Gregory Maqoma's 'Exit/Exist' at Atlas Performing Arts Center

Recounts South African History through Dance and Song

Eve M. Ferguson | 10/16/2013, 3 p.m.
“Exit/Exist,” a collaborative work by Maqoma and his dance troupe, Vuyani Dance Theatre, will break new ground at the Atlas ...
Gregory Maqoma (Courtesy of the Atlas Performing Arts Center)

How many ways can a history be told? By the usual methods, history can come across as dry and routine, but this weekend, South African dancer/choreographer Gregory Maqoma will tell his own personal history through movement and music.

“Exit/Exist,” a collaborative work by Maqoma and his dance troupe, Vuyani Dance Theatre, will break new ground at the Atlas Performing Arts Center from Oct. 18-20.

The innovative Soweto-born artist said, “Exit/Exist” recounts the history of one of Maqoma’s ancestors, a Xhosa chief whose exit from the world paved the way for Maqoma’s own existence.

“Chief Maqoma believed that true liberation of a black man was through ownership of land and cattle,” Gregory Maqoma explained. “He fought the British in the 19th-century frontier wars to protect the Xhosa heritage and land. Even in his attempt to make peace with the British, he was pushed and banished from his ancestral land and imprisoned twice in Robben Island, where he ultimately died under mysterious circumstances.”

Interpreting the true life story through dance and song by South African singer/songwriter Simphiwe Dana, performed by the singing ensemble Complete and world-fusion guitarist Giuliano Modarelli, “Exit/Exist” has been described by critics as “raw and beautiful movement and sound.”

But Maqoma is not just telling his own history for the sake of vanity. In his take, he’s also urging others to look at their own personal histories. “We are all essential descendants of our histories, culturally and politically,” he said. “Through this work we find something deeper and profound.”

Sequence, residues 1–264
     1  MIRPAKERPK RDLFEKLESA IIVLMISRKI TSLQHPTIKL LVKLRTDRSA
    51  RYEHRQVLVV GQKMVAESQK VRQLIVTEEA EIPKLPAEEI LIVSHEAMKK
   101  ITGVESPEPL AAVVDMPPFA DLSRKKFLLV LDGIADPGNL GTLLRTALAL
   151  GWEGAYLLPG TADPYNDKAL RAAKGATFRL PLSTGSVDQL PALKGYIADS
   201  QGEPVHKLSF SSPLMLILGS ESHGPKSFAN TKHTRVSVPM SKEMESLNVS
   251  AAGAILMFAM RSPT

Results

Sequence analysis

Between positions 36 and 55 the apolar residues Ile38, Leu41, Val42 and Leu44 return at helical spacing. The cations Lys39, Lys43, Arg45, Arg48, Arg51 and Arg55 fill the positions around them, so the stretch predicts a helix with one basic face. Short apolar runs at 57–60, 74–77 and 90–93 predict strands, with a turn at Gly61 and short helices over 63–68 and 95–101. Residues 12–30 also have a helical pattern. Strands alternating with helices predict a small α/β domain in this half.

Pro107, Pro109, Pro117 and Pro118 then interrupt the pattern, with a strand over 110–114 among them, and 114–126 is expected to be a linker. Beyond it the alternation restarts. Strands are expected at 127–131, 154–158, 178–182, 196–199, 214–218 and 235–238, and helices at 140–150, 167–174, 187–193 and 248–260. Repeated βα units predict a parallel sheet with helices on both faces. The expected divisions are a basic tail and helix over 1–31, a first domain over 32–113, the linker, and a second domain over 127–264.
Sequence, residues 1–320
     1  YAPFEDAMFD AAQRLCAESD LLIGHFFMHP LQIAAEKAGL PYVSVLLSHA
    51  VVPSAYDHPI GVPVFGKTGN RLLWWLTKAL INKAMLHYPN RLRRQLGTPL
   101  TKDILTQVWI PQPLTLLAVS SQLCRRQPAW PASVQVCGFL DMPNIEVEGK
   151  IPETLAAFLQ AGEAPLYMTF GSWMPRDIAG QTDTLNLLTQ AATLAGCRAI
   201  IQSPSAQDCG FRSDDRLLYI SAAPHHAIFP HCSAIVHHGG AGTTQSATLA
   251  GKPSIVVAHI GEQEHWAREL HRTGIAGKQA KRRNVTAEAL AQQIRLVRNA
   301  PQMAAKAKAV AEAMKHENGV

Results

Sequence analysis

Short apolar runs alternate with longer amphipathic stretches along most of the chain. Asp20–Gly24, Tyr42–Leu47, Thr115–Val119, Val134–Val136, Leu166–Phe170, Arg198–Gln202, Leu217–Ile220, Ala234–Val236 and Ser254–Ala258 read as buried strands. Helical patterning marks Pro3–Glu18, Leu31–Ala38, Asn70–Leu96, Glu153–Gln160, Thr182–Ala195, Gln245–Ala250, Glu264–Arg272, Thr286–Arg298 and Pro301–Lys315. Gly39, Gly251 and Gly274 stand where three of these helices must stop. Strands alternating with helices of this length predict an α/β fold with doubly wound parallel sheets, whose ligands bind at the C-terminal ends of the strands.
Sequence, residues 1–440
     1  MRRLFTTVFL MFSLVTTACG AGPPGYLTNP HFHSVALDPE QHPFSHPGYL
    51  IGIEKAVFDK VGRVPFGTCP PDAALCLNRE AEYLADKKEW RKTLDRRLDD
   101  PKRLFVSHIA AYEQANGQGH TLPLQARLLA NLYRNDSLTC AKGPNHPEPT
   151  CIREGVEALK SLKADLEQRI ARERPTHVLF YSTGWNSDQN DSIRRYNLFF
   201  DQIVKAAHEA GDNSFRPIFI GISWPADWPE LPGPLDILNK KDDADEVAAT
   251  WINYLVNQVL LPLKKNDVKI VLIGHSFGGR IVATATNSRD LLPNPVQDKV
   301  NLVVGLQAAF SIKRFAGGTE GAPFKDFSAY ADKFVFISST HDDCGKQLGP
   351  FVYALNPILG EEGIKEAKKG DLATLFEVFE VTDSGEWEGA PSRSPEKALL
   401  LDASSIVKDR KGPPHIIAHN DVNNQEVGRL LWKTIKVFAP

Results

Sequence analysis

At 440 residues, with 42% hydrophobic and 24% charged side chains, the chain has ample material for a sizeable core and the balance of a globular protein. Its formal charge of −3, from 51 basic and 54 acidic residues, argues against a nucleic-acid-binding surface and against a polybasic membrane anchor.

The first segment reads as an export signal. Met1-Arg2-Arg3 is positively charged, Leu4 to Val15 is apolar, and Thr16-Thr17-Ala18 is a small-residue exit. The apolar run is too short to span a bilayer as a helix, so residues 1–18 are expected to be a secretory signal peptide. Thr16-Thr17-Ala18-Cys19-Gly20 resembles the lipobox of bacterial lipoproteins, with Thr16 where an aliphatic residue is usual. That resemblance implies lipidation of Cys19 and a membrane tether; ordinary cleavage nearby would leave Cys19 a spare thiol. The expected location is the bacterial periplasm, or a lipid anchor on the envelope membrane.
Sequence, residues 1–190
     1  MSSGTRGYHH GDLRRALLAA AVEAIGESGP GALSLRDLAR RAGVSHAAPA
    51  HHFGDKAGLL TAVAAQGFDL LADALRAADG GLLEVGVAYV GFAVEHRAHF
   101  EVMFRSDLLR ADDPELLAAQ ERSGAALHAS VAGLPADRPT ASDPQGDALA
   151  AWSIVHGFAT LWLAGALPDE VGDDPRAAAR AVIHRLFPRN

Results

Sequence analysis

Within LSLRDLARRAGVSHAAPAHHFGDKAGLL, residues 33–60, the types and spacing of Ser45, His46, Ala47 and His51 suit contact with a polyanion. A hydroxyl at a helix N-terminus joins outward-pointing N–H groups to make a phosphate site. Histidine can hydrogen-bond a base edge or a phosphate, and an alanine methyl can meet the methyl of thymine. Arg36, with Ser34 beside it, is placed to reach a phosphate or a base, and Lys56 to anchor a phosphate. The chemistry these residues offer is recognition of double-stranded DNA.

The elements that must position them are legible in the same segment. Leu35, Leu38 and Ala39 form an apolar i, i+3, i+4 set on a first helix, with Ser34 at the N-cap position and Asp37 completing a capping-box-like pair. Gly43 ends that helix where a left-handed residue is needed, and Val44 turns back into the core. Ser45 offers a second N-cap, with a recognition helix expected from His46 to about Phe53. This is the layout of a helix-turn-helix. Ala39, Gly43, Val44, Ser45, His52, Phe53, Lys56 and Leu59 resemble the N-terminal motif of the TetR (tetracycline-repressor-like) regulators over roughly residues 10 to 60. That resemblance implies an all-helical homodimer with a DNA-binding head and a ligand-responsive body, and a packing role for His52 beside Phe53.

“Exit is a way of reclaiming my own roots and connections to my ancestral lineage. It is also about reaffirming my identity and to exist through (Chief) Maqoma's exit,” Maqoma said, after making the arduous journey from South Africa to arrive in Washington just days before the production.

“As a descendant, I exist through his exit even when his life was forcibly cut short to eradicate all forms of cultural existence. Through him we are able to exist again and reclaim what he always fought for, through liberation by reclaiming ancestral land for a better quality of life. We also have to remember that the currency and the pride of any family was through land and cattle.”

Directed by James Ngobo, “Exit/Exist” is the first performance in the “Dance of the Atlas” series, which will feature multicultural performances through June 2014.

“As a performing arts center, we present a full range of artists across disciplines with a strong focus on the contemporary,” Artistic Director, Sam Sweet said. “Presenting the art that is happening now provides a forum (and an audience) for today's artists, and reveals new forms, changing cultures, and sometimes radical ideas to our audiences.”

Gregory Maqoma’s “Exit/Exist” also holds a message for the Washington audience who will experience this collage of cultural expression, which, according to Johannesburg’s Star newspaper, is an “intelligently provocative exploration of kinetic African identity where the rural impinges on the urban, where the hallowed intersects with the popular.”

According to the multi-talented, internationally recognized dancer, choreographer, director and scriptwriter, who will introduce himself through “Exit/Exist,” the audience will “firstly experience the artist I am, where I come from and how I am able fuse different cultures and aesthetics and experiences without worrying about conforming to stereotypical expectations that might be influenced by where we come from and the subject matter.”

His aim in presenting “Exit/Exist,” is “to experience how we have taken a history documentation and created art with it and not a history lecture. To experience our appreciation of the past while we forge the future and living in the present,” Maqoma explained. “And, finally to be immersed with a work that is simply dealing with an important issue of existing in this universe by acknowledging where we come from and thinking of the future.”

“Exit/Exist” will be performed on Friday, Oct. 18 and Saturday, Oct. 19 at 8:00 p.m. and Sunday, Oct. 20 at 3:00 p.m. Maqoma and his Vuyani Dance Theatre, will also hold a master class and lecture. All performances will be held at the Atlas Performing Arts Center, 1333 H Street NE, Washington, D.C. Call (202) 399-7993 for tickets or visit www.atlasarts.org.